Rod Rosenstein: the man who could decide Trump’s fate and emerge with his reputation intact

Profile: The American deputy attorney general who will soon have a crucial decision to make on allegations of Russian election meddling


Rod Rosenstein had been America’s deputy attorney general for barely two weeks last May when he was thrust into the controversy over alleged Kremlin meddling in the election that brought his new boss — Donald Trump — to power.

It was Mr Rosenstein’s memo on James Comey’s mishandling of the investigation into Hillary Clinton’s emails that the president used as a pretext to fire the FBI director.

Mr Rosenstein had been overseeing the FBI’s investigation into links between the Trump campaign and Vladimir Putin’s henchmen after attorney general Jeff Sessions recused himself. He stood accused of aiding and abetting a barely concealed attempt to dry-clean the administration’s dirty Russian laundry.

His image as a straight-shooter seemingly in tatters, the Jewish lawyer looked set to become another case study in the perils of serving Mr Trump.

But a year has passed and Mr Rosenstein looks like he may pull off the possibly unique feat of emerging from the Trump administration with an enhanced reputation.

He appointed Robert Mueller as a special counsel to probe Russian interference in the election eight days after the FBI director was ousted, in apparent horror at the way his memo had been used.

Last week, Mr Mueller’s investigation produced indictments against 12 Russian military intelligence officers, who were charged with hacking into Mrs Clinton’s emails and those of the Democratic Party in a bid to tip the election in Mr Trump’s favour.

The manner in which Mr Rosenstein announced the indictments underlined his determination to protect the investigation amid the president’s determination to derail it.

That he chose to do so on the eve of Mr Trump’s meeting with Vladimir Putin in Helsinki will have further infuriated the president, who launched into a predictable Twitter tirade against the Mueller “witch hunt”.

Mr Rosenstein coupled a barely disguised dig at Trump supporters in the media and on Capitol Hill — “we do not try cases on television or in congressional hearings” — with a passionate call for an end to the “partisan warfare” around the special counsel’s work.

“When we confront foreign interference in American elections, it is important for us to avoid thinking politically as Republicans or Democrats and instead to think patriotically as Americans,” Mr Rosenstein said.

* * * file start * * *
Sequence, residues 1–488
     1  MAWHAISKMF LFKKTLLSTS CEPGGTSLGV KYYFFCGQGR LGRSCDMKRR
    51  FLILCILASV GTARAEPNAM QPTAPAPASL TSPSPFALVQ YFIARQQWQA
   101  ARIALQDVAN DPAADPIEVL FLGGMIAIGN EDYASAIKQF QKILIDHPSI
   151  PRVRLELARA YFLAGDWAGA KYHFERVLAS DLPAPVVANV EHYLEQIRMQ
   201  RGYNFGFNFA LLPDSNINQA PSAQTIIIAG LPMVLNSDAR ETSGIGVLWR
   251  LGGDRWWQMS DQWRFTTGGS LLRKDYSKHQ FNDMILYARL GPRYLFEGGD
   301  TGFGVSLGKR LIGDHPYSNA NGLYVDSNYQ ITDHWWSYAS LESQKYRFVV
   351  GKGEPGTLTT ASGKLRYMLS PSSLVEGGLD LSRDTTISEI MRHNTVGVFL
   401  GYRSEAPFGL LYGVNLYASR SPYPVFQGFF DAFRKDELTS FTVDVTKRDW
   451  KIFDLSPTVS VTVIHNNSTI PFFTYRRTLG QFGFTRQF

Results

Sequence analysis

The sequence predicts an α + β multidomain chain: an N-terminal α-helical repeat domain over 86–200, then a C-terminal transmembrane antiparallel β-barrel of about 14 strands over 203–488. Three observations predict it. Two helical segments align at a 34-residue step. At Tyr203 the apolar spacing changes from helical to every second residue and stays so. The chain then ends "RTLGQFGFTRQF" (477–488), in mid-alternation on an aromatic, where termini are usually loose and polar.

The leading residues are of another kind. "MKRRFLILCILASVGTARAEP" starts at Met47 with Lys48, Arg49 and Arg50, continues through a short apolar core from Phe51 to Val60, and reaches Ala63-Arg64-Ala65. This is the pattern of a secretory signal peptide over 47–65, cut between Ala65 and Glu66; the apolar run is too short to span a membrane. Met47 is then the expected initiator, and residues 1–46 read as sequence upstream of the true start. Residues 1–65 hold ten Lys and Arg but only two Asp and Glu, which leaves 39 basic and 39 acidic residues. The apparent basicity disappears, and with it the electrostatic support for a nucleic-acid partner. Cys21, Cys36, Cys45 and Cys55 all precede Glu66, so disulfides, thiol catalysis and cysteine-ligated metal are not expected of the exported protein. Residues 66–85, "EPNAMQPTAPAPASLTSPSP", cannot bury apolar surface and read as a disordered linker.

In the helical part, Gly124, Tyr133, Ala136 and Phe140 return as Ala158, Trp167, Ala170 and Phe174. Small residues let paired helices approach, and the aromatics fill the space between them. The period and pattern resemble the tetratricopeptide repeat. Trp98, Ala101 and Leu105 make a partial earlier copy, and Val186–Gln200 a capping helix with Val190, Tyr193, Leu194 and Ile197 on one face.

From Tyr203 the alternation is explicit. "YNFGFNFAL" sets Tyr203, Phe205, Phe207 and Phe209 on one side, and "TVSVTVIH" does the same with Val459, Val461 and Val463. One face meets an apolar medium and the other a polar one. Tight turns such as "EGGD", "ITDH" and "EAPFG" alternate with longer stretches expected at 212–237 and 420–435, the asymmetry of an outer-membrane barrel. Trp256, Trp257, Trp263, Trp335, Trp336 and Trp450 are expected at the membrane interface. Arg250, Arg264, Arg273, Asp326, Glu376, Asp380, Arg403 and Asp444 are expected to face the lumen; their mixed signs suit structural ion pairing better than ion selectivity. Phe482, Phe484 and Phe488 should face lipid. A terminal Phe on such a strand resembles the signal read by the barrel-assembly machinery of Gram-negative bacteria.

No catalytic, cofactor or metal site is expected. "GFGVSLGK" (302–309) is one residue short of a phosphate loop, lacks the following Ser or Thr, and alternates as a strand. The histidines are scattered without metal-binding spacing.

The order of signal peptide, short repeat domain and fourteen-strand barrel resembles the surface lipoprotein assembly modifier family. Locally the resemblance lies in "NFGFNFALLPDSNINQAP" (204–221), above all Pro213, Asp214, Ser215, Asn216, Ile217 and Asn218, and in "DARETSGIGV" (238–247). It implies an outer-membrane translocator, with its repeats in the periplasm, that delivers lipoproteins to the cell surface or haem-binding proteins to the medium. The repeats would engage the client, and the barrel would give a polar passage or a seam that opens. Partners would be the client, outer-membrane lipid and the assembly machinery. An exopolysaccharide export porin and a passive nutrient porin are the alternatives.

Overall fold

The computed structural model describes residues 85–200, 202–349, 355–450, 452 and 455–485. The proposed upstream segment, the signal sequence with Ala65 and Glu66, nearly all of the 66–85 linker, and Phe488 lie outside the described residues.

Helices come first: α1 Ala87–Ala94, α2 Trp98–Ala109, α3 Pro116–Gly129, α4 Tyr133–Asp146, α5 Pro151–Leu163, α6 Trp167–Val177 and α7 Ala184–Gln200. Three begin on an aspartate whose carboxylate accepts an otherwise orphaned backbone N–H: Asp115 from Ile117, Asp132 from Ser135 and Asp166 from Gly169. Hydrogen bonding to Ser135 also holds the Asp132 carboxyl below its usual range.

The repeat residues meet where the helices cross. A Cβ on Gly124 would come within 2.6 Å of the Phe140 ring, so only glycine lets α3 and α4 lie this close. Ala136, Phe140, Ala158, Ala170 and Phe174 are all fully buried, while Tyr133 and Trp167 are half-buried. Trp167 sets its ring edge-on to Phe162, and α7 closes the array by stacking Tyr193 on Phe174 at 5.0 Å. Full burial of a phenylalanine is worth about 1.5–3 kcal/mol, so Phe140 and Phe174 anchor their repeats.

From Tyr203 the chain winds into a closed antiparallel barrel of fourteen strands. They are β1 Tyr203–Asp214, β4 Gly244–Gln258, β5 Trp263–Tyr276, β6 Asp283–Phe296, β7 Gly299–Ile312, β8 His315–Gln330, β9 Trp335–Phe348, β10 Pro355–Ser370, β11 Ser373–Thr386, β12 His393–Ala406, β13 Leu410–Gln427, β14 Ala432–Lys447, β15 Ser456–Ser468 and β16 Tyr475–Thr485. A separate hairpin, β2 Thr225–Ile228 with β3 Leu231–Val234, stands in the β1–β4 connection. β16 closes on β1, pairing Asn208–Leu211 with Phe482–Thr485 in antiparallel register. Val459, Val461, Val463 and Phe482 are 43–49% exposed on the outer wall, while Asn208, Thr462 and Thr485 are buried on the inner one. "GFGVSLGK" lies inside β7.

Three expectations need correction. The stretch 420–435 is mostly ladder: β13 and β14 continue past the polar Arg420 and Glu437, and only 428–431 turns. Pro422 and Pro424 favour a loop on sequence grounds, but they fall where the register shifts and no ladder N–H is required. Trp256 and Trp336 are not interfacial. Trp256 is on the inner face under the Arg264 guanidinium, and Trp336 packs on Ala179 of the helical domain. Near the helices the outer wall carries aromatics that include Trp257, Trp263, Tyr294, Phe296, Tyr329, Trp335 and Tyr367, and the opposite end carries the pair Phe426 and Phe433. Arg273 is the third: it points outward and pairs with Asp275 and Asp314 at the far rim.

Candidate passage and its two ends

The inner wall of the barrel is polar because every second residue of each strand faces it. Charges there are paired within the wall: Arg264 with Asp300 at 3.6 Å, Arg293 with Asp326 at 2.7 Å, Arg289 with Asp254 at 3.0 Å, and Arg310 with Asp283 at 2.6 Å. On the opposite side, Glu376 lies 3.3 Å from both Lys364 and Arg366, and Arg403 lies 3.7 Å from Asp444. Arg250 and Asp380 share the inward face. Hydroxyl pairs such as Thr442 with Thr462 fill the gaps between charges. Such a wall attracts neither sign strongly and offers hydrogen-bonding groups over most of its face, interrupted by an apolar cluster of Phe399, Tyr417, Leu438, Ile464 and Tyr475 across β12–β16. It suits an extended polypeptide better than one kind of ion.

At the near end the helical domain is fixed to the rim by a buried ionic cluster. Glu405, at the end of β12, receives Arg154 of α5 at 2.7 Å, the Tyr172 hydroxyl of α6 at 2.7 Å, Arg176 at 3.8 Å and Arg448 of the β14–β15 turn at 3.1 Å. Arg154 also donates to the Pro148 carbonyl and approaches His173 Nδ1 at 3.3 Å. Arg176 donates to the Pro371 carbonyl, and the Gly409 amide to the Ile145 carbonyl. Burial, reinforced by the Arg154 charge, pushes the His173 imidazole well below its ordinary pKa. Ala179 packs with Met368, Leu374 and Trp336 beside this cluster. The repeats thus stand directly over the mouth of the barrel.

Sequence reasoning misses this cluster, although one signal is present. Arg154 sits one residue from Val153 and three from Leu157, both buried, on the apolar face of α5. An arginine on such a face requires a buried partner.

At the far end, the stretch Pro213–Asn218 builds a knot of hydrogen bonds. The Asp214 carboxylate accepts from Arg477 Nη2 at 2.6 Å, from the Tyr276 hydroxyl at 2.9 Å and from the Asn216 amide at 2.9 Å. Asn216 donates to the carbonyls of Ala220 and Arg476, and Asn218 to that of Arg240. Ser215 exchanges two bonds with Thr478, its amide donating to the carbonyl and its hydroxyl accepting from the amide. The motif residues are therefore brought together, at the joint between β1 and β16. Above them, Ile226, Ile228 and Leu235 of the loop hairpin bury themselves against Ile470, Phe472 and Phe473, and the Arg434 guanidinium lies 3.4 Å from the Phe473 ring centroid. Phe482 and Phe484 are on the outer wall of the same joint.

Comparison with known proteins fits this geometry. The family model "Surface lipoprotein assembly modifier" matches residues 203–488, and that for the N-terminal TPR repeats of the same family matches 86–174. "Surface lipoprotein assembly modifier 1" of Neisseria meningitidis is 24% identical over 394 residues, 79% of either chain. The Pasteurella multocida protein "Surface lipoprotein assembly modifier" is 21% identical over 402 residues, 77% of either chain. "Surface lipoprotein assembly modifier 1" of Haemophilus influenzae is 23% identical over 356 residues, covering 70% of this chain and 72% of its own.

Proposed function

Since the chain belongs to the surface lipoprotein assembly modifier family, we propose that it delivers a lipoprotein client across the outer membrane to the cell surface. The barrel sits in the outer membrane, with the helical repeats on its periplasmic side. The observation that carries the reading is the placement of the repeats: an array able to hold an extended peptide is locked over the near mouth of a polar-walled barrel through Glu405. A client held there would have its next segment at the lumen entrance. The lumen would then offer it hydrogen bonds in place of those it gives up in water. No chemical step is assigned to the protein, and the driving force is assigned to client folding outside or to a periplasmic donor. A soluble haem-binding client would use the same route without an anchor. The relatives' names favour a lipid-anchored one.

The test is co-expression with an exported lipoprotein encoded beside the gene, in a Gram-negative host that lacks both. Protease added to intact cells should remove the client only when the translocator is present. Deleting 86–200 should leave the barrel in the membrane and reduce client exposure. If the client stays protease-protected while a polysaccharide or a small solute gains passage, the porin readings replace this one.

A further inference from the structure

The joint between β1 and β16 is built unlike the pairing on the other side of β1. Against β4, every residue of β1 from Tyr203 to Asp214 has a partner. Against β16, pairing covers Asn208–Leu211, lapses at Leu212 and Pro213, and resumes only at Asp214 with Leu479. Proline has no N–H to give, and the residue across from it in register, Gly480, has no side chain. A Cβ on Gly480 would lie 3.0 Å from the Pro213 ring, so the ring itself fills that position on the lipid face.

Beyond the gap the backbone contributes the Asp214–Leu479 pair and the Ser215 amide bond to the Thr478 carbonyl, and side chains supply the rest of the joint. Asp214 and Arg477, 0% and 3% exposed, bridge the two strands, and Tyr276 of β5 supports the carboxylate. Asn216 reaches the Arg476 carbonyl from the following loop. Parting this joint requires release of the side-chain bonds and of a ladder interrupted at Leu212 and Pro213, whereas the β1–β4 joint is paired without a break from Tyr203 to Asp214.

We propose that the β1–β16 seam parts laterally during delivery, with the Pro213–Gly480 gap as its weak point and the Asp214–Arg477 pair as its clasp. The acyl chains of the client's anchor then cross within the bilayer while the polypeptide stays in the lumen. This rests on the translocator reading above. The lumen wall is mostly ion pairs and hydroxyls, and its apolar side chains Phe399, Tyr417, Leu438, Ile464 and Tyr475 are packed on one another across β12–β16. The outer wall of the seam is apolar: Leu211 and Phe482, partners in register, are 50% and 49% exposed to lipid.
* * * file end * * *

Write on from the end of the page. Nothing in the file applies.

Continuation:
“Our response must not depend on which side was victimised.”

His words appear only to have redoubled the determination of Mr Trump’s congressional allies to drive him from office. Indeed, Politico magazine reported that at the very moment Mr Rosenstein was making his announcement, House Republicans were “putting the finishing touches on an impeachment filing” to help rid the president of his troublesome appointee.

But Mr Rosenstein is not without his supporters — unusual ones for a member of Mr Trump’s administration.

One columnist in the Washington Post wrote a piece entitled “Rod Rosenstein for president”; another said his statement was “a reminder that adult supervision still exists in Washington”.

At a recent Capitol Hill hearing, where Mr Rosenstein faced his critics in a tempestuous session, it was the Democrats that defended him. Mr Trump’s congressional chorus is frustrated that he has not assisted their investigation into alleged bias against the president in the FBI.

Most striking of all has been Mr Rosenstein’s refusal to be cowed.

“Your use of this to attack me personally is deeply wrong,” he told one Republican congressman. To a Democrat who urged him to “stay and finish the job”, Mr Rosenstein coolly replied: “In the DOJ [Department of Justice] we are accustomed to criticism of our work, and it doesn’t affect our work.”

Mr Rosenstein’s greatest test, however, is yet to come.

When Mr Mueller completes his probe into whether the president engaged in any criminal acts to block the Russia investigation, he will hand it to the deputy attorney general. Mr Rosenstein will then have the power to decide whether or not the report is released to the public and passed to Congress.

He appears already to be girding his loins, recently quoting the 1980s boxing movie Rocky in a speech: “The world ain’t all sunshine and rainbows … But it ain’t how hard you hit. It’s about how hard you can get hit, and keep moving forward.”

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